arginine

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Related to Arganine: lysine

ar·gi·nine

 (är′jə-nēn′)
n.
An amino acid, C6H14N4O2, obtained from the hydrolysis or digestion of plant and animal protein.

[German Arginin, possibly from Greek arginoeis, bright; see arg- in Indo-European roots.]
American Heritage® Dictionary of the English Language, Fifth Edition. Copyright © 2016 by Houghton Mifflin Harcourt Publishing Company. Published by Houghton Mifflin Harcourt Publishing Company. All rights reserved.

arginine

(ˈɑːdʒɪˌnaɪn)
n
(Biochemistry) an essential amino acid of plant and animal proteins, necessary for nutrition and for the production of excretory urea
[C19: from German Arginin, of uncertain origin]
Collins English Dictionary – Complete and Unabridged, 12th Edition 2014 © HarperCollins Publishers 1991, 1994, 1998, 2000, 2003, 2006, 2007, 2009, 2011, 2014

ar•gi•nine

(ˈɑr dʒəˌnin, -ˌnaɪn, -nɪn)

n.
an essential amino acid, C6H14N4O2: the free amino acid increases insulin secretion. Abbr.: Arg; Symbol: R
[1885–90; < German Arginin]
Random House Kernerman Webster's College Dictionary, © 2010 K Dictionaries Ltd. Copyright 2005, 1997, 1991 by Random House, Inc. All rights reserved.

ar·gi·nine

(är′jə-nēn′)
An essential amino acid. See more at amino acid.
The American Heritage® Student Science Dictionary, Second Edition. Copyright © 2014 by Houghton Mifflin Harcourt Publishing Company. Published by Houghton Mifflin Harcourt Publishing Company. All rights reserved.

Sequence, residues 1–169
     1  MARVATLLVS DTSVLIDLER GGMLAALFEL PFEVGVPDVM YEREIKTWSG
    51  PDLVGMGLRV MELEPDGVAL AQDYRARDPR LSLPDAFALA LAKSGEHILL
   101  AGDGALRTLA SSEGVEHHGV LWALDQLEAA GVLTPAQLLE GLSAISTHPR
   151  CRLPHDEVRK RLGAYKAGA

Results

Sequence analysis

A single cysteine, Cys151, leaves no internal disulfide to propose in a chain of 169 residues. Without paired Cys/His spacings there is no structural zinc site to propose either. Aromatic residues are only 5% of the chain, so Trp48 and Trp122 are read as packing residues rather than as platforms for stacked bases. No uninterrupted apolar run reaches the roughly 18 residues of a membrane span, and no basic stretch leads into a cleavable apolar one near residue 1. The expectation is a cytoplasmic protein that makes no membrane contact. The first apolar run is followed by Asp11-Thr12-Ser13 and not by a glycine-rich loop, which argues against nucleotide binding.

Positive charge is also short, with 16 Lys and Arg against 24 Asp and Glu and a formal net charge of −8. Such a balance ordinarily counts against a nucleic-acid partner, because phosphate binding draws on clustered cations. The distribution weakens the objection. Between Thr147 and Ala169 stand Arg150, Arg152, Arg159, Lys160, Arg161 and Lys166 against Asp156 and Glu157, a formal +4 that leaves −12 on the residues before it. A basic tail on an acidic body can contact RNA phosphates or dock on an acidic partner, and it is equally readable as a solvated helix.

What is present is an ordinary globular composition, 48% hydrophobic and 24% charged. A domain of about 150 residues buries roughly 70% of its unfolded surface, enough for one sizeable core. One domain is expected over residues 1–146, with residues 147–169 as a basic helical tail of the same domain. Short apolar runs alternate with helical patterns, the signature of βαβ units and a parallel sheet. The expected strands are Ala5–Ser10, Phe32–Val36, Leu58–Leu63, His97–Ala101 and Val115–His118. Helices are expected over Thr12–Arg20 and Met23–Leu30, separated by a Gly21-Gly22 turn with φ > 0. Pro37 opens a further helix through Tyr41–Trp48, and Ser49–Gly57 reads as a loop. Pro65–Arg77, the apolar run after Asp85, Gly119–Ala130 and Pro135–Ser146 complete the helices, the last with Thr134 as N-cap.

ThesaurusAntonymsRelated WordsSynonymsLegend:
Noun1.arginine - a bitter tasting amino acid found in proteins and necessary for nutrition; its absence from the diet leads to a reduced production of spermatozoa
essential amino acid - an amino acid that is required by animals but that they cannot synthesize; must be supplied in the diet
Based on WordNet 3.0, Farlex clipart collection. © 2003-2012 Princeton University, Farlex Inc.
Translations
Arginin

arginine

n arginina
English-Spanish/Spanish-English Medical Dictionary Copyright © 2006 by The McGraw-Hill Companies, Inc. All rights reserved.
References in periodicals archive ?
Valine, Serine, Proline, Threonine, Alanine, Arganine, and Glycine can each be coded for by four separate codons.